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Evolutionary Syntax

By Ljiljana Progovac

This book "outlines novel and testable hypotheses, contains extensive examples from many different languages" and is "presented in accessible language, with more technical discussion in footnotes."

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The Making of Vernacular Singapore English

By Zhiming Bao

This book "proposes a new theory of contact-induced grammatical restructuring" and "offers a new analytical approach to New English from a formal or structural perspective."

Academic Paper

Title: Forty years later: Updating the Fossilization Hypothesis
Author: ZhaoHong Han
Institution: Columbia University
Linguistic Field: Language Acquisition
Abstract: A founding concept in second language acquisition (SLA) research, fossilization has been fundamental to understanding second language (L2) development. The Fossilization Hypothesis, introduced in Selinker's seminal text (1972), has thus been one of the most influential theories, guiding a significant bulk of SLA research for four decades; 2012 marks its fortieth anniversary. This article revisits the Fossilization Hypothesis, starting with the earliest set of questions (still the most comprehensive) (Selinker & Lamendella 1978) and using them as a basis for updating the Hypothesis. The current understanding of fossilization is presented by introducing an alternative hypothesis, the Selective Fossilization Hypothesis (Han 2009) and, in the light of that alternative, reviewing a selection of fossilizable structures documented in the recent literature.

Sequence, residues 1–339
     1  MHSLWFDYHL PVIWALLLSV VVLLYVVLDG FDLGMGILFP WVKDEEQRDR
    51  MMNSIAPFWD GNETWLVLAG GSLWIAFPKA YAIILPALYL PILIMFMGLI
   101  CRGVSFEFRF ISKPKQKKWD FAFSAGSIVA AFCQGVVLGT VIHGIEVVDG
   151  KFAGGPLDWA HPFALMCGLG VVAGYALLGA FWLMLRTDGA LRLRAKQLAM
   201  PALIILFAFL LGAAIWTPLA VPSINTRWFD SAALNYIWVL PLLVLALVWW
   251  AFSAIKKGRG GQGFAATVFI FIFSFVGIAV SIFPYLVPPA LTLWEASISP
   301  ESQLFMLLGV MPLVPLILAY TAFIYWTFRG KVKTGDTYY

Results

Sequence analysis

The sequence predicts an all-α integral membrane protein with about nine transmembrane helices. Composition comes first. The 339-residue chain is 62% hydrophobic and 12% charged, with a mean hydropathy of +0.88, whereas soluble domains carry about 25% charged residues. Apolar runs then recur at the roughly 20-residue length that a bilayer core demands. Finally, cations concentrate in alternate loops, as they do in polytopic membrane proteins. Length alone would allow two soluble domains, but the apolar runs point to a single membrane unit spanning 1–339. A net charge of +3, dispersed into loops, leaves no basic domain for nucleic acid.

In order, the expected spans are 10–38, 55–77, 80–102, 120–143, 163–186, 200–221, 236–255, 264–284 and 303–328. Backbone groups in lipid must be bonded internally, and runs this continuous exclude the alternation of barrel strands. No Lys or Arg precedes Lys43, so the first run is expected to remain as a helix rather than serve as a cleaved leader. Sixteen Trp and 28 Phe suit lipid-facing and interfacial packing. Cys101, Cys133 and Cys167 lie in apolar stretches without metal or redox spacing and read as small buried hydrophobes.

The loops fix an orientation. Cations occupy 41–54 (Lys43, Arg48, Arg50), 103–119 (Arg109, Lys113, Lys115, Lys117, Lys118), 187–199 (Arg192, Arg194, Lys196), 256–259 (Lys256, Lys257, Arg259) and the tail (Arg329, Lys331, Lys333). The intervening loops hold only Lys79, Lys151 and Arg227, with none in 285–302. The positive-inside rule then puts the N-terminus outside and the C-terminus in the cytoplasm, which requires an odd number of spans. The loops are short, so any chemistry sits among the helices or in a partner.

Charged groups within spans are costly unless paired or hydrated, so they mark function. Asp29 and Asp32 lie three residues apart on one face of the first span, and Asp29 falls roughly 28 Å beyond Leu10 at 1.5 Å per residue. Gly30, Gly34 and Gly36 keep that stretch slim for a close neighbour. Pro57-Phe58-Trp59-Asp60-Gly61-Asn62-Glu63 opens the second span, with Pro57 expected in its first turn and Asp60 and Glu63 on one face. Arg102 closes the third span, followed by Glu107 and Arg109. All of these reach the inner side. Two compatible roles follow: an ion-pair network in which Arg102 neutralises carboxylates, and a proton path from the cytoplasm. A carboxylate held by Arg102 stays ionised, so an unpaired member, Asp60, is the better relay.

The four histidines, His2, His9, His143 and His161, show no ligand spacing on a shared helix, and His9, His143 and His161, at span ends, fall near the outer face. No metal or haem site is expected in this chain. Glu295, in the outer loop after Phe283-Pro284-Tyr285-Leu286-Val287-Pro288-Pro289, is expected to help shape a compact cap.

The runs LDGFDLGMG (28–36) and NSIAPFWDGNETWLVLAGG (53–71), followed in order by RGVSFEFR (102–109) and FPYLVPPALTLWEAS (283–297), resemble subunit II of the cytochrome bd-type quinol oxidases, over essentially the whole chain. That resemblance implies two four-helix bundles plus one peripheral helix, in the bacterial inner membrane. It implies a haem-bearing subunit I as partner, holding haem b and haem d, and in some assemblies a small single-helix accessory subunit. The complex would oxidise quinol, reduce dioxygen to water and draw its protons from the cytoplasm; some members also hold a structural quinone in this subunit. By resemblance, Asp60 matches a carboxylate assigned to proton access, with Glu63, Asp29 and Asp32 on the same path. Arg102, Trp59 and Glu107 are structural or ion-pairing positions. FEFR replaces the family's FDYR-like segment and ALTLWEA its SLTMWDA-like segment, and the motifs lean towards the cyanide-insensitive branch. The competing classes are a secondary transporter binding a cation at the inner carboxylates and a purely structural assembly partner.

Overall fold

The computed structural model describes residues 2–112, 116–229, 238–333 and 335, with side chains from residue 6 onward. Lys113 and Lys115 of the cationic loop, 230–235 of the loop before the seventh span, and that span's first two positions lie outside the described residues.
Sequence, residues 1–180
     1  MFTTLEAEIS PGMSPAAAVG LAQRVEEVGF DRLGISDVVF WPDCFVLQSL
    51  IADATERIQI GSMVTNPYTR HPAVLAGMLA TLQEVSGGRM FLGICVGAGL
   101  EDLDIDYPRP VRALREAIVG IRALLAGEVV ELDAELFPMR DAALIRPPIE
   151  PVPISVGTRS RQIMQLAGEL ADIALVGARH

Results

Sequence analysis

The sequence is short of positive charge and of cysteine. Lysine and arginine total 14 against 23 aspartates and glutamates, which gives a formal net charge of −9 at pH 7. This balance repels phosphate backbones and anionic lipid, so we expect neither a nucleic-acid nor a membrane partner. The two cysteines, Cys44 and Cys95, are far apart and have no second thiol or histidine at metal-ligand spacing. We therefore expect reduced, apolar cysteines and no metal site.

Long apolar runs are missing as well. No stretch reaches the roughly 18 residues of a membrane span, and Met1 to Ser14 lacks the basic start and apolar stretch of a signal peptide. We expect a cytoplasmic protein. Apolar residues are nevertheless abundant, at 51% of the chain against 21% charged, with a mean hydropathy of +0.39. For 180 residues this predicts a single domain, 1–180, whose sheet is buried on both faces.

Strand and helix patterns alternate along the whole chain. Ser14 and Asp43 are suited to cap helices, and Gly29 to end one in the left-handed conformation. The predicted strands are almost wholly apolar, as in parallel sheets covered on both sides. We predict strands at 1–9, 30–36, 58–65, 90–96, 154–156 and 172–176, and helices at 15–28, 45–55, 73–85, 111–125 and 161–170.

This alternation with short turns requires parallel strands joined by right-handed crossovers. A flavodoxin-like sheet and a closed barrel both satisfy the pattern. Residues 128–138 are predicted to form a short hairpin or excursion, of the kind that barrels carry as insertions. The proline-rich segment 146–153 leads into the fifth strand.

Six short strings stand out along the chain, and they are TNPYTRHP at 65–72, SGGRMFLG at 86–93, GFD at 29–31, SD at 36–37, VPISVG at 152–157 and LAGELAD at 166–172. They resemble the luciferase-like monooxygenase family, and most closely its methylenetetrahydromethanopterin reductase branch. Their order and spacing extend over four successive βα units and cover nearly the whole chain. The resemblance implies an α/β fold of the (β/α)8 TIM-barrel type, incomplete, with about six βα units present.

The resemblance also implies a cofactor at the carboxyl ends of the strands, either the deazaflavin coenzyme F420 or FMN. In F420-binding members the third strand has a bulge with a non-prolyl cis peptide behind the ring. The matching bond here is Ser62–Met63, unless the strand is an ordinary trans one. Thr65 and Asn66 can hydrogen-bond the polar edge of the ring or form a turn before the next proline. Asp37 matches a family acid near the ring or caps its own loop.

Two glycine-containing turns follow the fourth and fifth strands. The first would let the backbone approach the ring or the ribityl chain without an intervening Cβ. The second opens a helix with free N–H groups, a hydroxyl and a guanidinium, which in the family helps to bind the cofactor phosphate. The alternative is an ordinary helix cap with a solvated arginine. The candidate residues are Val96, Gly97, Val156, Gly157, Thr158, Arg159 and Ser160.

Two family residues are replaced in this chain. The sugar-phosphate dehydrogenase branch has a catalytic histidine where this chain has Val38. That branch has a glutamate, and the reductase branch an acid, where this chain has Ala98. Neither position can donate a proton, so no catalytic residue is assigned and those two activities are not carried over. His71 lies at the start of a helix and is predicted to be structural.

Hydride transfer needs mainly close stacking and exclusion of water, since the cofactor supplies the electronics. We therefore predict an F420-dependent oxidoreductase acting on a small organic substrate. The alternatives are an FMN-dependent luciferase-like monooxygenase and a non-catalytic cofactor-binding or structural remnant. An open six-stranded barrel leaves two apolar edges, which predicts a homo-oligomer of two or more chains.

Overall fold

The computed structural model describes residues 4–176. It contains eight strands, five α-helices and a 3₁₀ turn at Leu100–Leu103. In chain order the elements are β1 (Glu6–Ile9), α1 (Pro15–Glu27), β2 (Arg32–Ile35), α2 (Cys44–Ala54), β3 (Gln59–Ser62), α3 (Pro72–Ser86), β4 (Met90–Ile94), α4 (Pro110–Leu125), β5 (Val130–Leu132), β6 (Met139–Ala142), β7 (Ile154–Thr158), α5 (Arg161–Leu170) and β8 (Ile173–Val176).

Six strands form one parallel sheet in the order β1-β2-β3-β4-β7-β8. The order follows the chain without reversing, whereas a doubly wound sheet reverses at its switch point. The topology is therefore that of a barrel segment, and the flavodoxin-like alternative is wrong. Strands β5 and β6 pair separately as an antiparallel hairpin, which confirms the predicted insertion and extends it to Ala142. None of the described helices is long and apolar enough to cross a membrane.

This article appears IN Language Teaching Vol. 46, Issue 2, which you can READ on Cambridge's site or on LINGUIST .

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